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A major veterans group has issued a election scorecard for its members to use to decide whether candidates for federal office support initiatives important to returning combat veterans.
Iraq and Afghanistan Veterans of America, which released the voters' guide Tuesday, is trying to push candidates to take positions on what the group says are important issues, particularly to post-9/11 veterans. These include employment, education, mental health, disability and benefits claims processing, and female veterans health care.
The scorecard http://iava.org/election-2012-iavas-voter-guide">can be downloaded at IAVA.org.
"Our country cannot afford to elect candidates who think a ‘thank you for your service' is enough," IAVA founder and executive director Paul Rieckhoff said in a statement. "Every single voter should look for commitment, leadership and transparency on behalf of the 2.5 million veterans of this generation, whether you have served or not."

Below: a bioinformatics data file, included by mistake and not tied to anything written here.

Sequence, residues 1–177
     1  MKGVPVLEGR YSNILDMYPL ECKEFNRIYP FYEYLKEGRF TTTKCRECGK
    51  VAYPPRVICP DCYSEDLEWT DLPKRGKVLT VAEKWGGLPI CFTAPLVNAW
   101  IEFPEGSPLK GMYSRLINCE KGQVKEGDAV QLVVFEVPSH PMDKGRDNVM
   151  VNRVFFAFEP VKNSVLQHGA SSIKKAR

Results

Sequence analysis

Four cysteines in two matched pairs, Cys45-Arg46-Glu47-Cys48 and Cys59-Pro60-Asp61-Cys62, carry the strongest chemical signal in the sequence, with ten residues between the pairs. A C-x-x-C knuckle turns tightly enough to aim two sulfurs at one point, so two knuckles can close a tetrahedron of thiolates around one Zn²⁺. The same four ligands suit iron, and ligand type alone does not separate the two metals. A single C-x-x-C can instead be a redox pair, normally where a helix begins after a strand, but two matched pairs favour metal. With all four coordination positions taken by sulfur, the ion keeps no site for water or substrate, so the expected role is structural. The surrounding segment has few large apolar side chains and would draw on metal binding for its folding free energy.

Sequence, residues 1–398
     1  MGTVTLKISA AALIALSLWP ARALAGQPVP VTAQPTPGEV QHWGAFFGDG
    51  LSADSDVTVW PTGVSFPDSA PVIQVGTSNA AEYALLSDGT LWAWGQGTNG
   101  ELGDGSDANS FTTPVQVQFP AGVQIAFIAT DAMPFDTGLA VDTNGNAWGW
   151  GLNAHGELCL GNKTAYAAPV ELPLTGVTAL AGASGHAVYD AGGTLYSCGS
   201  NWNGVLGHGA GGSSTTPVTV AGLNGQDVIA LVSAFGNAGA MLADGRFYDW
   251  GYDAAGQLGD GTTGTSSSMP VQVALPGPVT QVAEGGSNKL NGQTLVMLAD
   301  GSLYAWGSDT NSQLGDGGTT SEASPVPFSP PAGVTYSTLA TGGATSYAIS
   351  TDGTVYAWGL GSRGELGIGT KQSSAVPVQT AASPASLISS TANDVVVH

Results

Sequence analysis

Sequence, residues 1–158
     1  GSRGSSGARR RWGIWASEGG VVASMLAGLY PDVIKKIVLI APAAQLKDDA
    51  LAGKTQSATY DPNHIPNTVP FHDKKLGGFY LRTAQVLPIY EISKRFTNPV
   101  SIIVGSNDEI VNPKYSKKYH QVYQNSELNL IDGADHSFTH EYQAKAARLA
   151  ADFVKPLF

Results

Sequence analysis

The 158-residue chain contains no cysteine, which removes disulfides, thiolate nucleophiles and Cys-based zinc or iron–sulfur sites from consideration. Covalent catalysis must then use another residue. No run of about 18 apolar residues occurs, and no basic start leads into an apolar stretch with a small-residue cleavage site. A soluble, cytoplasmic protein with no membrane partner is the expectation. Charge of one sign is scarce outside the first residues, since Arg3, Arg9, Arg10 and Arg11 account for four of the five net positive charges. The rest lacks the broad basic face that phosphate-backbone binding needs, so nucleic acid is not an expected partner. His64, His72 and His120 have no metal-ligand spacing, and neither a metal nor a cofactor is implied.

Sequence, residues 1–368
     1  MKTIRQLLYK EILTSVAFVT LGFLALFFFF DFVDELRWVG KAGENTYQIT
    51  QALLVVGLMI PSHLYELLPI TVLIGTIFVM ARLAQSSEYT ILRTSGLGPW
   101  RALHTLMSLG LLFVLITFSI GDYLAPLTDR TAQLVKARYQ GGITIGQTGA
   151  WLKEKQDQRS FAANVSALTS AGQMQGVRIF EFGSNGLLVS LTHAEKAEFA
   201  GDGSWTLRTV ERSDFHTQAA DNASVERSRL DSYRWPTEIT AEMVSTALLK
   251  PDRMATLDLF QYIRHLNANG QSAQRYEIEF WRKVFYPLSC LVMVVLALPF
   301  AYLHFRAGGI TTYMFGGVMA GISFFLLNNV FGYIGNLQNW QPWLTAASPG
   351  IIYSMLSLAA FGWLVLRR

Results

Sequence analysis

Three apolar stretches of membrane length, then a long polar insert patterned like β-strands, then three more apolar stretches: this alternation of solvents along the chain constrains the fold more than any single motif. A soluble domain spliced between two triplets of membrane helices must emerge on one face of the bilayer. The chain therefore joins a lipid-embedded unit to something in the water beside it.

The scorecard, which IAVA suggests could be used to compare candidates' positions, looks at details rather than broad statements of support for veterans. For example, on employment, it asks if a candidate supports:
Programs to help transfer military skills into equivalent civilian licenses.
Making military transition assistance programs available to veterans.
Improving employment and re-employment rights.
Using their political influence to encourage businesses to hire veterans.
On education, the scorecard rates candidates on whether they would protect GI Bill education benefits from budget cuts, help students pick schools by making available more consumer-oriented information and prevent for-profit schools from using funds from veterans education programs to pay for marketing and lobbying.